If the journey of a checked piece of luggage at Denver International Airport were a children’s movie, the title might be “The Secret Life of Bags.”
That “secret life” is in the midst of a pair of expensive upgrades at DIA, and the Denver City Council will soon hear a proposal to make those upgrades more pricey.
Presenting to a council committee Wednesday afternoon, DIA Chief Operating Officer Chris McLaughlin was joined by airport CEO Kim Day, and its senior vice president for special projects, Stuart Williams, as the trio asked the committee to approve a pair of contract amendments totaling $106.4 million.
The amendments, the airport officials explained, were required not because of under-budgeting the projects, but because further elements of need were discovered after construction began.
Both amendments were forwarded to the council at large by a unanimous vote of the seven-councilmember Business, Arts, Workforce, & Aviation Services Committee.
“There’s an old saying in aviation and airports: if you’ve seen one airport, you’ve seen one airport,” McLaughlin said. “It’s even more true with the world of bags. No two bags are treated the same, depending on your airline and your final destination.”
The first project — both are already well underway but now require substantial additional work — is in the process of constructing a between-floors baggage conveyor system that comprehensively upgrades the airport’s current system of moving bags around the facility and onto and off of planes.
Dubbed “5.5,” the project is creating a complex system of conveyors in a 6- to 10-foot space between the ceiling of DIA’s Level 5 and Level 6. It’s currently being run by Hensel Phelps, and the amendment would increase the breadth and length of the same contract with the Greeley-based construction firm.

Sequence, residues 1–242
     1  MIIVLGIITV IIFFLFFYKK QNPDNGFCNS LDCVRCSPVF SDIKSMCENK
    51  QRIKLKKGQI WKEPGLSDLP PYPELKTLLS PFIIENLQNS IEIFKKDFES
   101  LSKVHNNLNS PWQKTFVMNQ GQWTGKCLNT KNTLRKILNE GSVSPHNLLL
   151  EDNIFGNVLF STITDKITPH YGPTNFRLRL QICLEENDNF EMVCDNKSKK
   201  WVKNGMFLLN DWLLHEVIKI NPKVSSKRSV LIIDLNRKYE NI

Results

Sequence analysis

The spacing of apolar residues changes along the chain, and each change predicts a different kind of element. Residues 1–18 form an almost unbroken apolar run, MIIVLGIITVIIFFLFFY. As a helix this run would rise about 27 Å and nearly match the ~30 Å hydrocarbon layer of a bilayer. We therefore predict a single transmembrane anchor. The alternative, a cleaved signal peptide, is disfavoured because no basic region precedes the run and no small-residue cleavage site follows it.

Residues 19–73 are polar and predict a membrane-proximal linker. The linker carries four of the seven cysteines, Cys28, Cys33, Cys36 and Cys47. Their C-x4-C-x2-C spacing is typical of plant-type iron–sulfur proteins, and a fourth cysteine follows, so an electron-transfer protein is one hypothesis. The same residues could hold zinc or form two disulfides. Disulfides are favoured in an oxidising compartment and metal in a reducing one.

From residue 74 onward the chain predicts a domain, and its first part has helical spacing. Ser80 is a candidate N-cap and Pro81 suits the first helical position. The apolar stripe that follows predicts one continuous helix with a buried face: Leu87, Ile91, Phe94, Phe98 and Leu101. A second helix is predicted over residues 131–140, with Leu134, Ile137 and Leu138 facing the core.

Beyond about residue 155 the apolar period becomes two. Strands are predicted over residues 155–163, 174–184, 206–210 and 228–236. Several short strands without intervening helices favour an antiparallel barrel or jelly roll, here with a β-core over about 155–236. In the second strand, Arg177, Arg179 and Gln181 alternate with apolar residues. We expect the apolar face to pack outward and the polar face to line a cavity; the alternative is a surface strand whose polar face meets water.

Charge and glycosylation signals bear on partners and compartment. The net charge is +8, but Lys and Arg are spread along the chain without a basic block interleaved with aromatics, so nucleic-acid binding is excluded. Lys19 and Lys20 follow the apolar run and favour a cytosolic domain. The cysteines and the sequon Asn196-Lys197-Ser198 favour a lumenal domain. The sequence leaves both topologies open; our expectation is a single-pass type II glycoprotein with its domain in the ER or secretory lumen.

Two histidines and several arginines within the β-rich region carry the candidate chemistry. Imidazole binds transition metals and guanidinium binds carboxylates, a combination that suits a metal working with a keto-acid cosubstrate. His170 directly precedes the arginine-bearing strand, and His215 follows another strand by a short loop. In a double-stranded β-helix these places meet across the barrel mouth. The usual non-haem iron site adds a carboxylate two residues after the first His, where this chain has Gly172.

“This improves the pre-screening functionality of the system to anticipate growth and the incredible need for flexibility,” Williams said. “The project gives flexibility and redundancy to maximize the screening process.”
Checked bags, Williams explained, can travel miles on belts and other conveyances before reaching the belly of an airplane. Some bags require additional screening, he said. The existing system, a hodge-podge of retrofitted, airline-specific systems, is considered outdated, inefficient and, in many cases, in disrepair.
The amendment is specifically to incorporate oversized baggage lifts and conveyors into the system more effectively. Currently, airlines handle odd luggage, like skis or golf clubs, through a cumbersome system.
“Airlines have to take them out onto the curbside, and we have inputs there where we can inject them into the system,” Williams said.
Airlines have asked for that system to be improved, and that’s what most of the extra $48.1 million will do. It will also go toward late-discovered code compliance fixes, among other smaller items.
The second project is most of the way done with consolidating the airport’s Checked Bag Resolution Areas, or CBRAs, from nine rooms scattered about the facility to two rooms next to one another.
The CBRA is the location where a bag that gets flagged by automated TSA systems is checked by hand by a TSA agent. The process was installed by the federal agency after Sept. 11, 2001, and as such, the retrofitted rooms are all over the airport. Williams said that’s predictably inefficient.
The ongoing project, which the airport said is partly funded by TSA on the order of around $50 million, will bring those screening sites to one hub location, while also building the conveyor belt system that gets bags from the place where they might be flagged to the CBRA and back.
The second amendment, which carries a $58.3 million price tag, adds carousels and capacity to streamline and speed up the process after the bags have been checked and approved at the CBRA and returned to the system on their way to the plane.
The project is being run by Ludvik Electric Co. out of Lakewood.
The Hensel Phelps job was previously approved at $86.6 million. The Ludvik Electric Co. project was previously approved at about $143.7 million. Both jobs, if amendments are approved, would receive extended deadlines, both coincidentally landing on the last day of 2022.
Airport projects like these do not use general fund money collected through tax revenue by the city. They are funded by internal revenue made from airline contracts and other facility charges.